Text: Luke 12:13-21
Gospel for Proper 13, Year C
Grace to you and peace from God our Father. (Col. 1:2)
J.R.R. Tolkien’s the Hobbit has become a classic of children’s books. The Hobbit’s plot couldn’t be simpler: A dragon dispossessed some dwarves of their mountain-home and their vast treasure hoard. Over the mountains and through the woods to Smaug’s house we go. Kill the dragon, get the gold. It is the very essence of an adventure story. But it is how Tolkien describes reactions to the gold which is of interest. Bilbo the Hobbit, “had heard tell and sing of dragon-hoards before, but the splendour, the lust, the glory of such treasure had never yet come home to him. His heart was filled and pierced with enchantment … and he gazed motionless at the gold beyond price and count.” After the dragon has been slain, Thorin the dwarf prince barricades himself and his men into the mountain, fearing others will seek some portion of his gold. Tolkien describes that Thorin “did not reckon with the power that gold has upon” people’s hearts. “The lust of it was heavy on him,” Tolkien writes. There’s a name he gives to this kind of insatiable lust for gold – this selfish greed – Dragon-sickness. It’s not just about the gold that one craves to possess, but gold that one believes is owed to them. Nothing else occupies that person’s mind. And when that treasure has been acquired, it will be protected and not one penny will be parted with.
Tolkien is a master storyteller and is able to show in story-form how subtly greed can overpower our own hearts. And he isn’t the first one to use the story format to talk about the dangers of greed. Jesus uses a story it in today’s Gospel reading.
Symptoms of Dragon-Sickness
Jesus is in the middle of teaching a crowd of several thousand when he is disrupted by an anonymous guy who is completely obsessed with getting his portion of the family inheritance. But our Lord sees that there is more than just a legal dispute at work here. Getting your legal fair share is not a good thing when greed, dragon-sickness lurks behind it. So, Jesus issues a dire warning, which applies to us all: “Take care, and be on your guard against all covetousness.” Dragon-sickness is covetousness, that misplaced craving in the heart. It is good desire gone wrong. Greed is our inordinate desire, our excessive love, for wealth and possessions, for money and the things money can buy — and even for self-esteem, security, status, and power. God made us to have and to need certain things. The problem of greed and covetousness is not that we want things, but that our desires are misdirected and out of proportion.
Jesus tells a story about a rich farmer. The already rich farmer gets an unexpected bumper crop. God had blessed him with just the right amount of rain and sun, no disease or pestilence, and huge yields. But there was no thought of sharing. What is his immediate thought? “What am I going to do with all this extra grain? I guess I’m just going to have to expand my storehouses You know what? I’m really set here. I’m not going to have to work another day of my life. I’m going to retire young, take it easy. I’m going to go relax at the beach and sip margaritas and drive fancy cars.” This rich man is so filled with greed, so full of “dragon-sickness”, that it simply never occurs to him that anyone other than himself could benefit from the surplus grain. The only person he can think about is himself. There was no thought for the poor, the ill, and the naked who were all around him. If you suddenly came into a lot of money, what would your reaction be? Would you react like the rich man?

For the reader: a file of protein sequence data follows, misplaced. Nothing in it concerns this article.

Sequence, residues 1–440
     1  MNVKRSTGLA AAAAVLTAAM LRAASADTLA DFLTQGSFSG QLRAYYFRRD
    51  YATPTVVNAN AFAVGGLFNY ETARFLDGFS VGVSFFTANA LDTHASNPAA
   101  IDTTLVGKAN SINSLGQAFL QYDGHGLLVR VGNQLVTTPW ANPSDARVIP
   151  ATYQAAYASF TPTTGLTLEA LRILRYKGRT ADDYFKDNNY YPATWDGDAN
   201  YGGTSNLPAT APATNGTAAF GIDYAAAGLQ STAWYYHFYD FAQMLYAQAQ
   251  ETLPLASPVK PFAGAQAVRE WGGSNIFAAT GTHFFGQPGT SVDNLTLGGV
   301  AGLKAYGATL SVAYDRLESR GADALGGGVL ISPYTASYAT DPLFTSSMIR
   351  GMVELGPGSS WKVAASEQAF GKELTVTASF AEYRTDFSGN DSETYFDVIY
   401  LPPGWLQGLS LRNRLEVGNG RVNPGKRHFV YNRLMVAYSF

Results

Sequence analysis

Do you have dragon-sickness? What’s portrayed in Thorin and the Rich Man is that same sin of greed at work in all of us. Rich and poor. Capitalist and socialist. Unbelieving and baptized. If you think that greed, that dragon-sickness, is not in you, you’re in the gravest of danger. It is rampant in our culture today. Greed is commonplace in our society. Money is at the centre of nearly all our thoughts, decisions and activities. The so-called “American Dream” is to go from being dirt poor to filthy rich simply by hard work. North Americans own twice as many cars and dine out twice as much as we did fifty years ago. Instead of money bringing increased well-being, credit card debt and depression are the highest they’ve ever been. And our culture sees you as nothing but a consumer. They want you to spend, spend, and spend some more. The latest and the greatest. The new gadget. The new styles. Marketing and advertising seek not just to sell you a product, they sell you a lifestyle. Ads often come with images of how much better your life will be with this product. There is going to be fun, romance, safety, security, memories, good times. Eat, drink, be merry! You deserve it. Get yourself a little something. All attempting to stir up that insatiable greed for more, dragon-sickness.